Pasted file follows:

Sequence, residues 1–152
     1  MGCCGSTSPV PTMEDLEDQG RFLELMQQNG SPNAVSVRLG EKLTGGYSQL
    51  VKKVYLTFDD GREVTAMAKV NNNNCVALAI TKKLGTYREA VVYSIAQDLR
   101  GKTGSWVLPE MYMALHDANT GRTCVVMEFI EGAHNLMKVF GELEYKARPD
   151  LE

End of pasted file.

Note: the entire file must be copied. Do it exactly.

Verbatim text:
Sequence, residues 1–152
     1  MGCCGSTSPV PTMEDLEDQG RFLELMQQNG SPNAVSVRLG EKLTGGYSQL
    51  VKKVYLTFDD GREVTAMAKV NNNNCVALAI TKKLGTYREA VVYSIAQDLR
   101  GKTGSWVLPE MYMALHDANT GRTCVVMEFI EGAHNLMKVF GELEYKARPD
   151  LE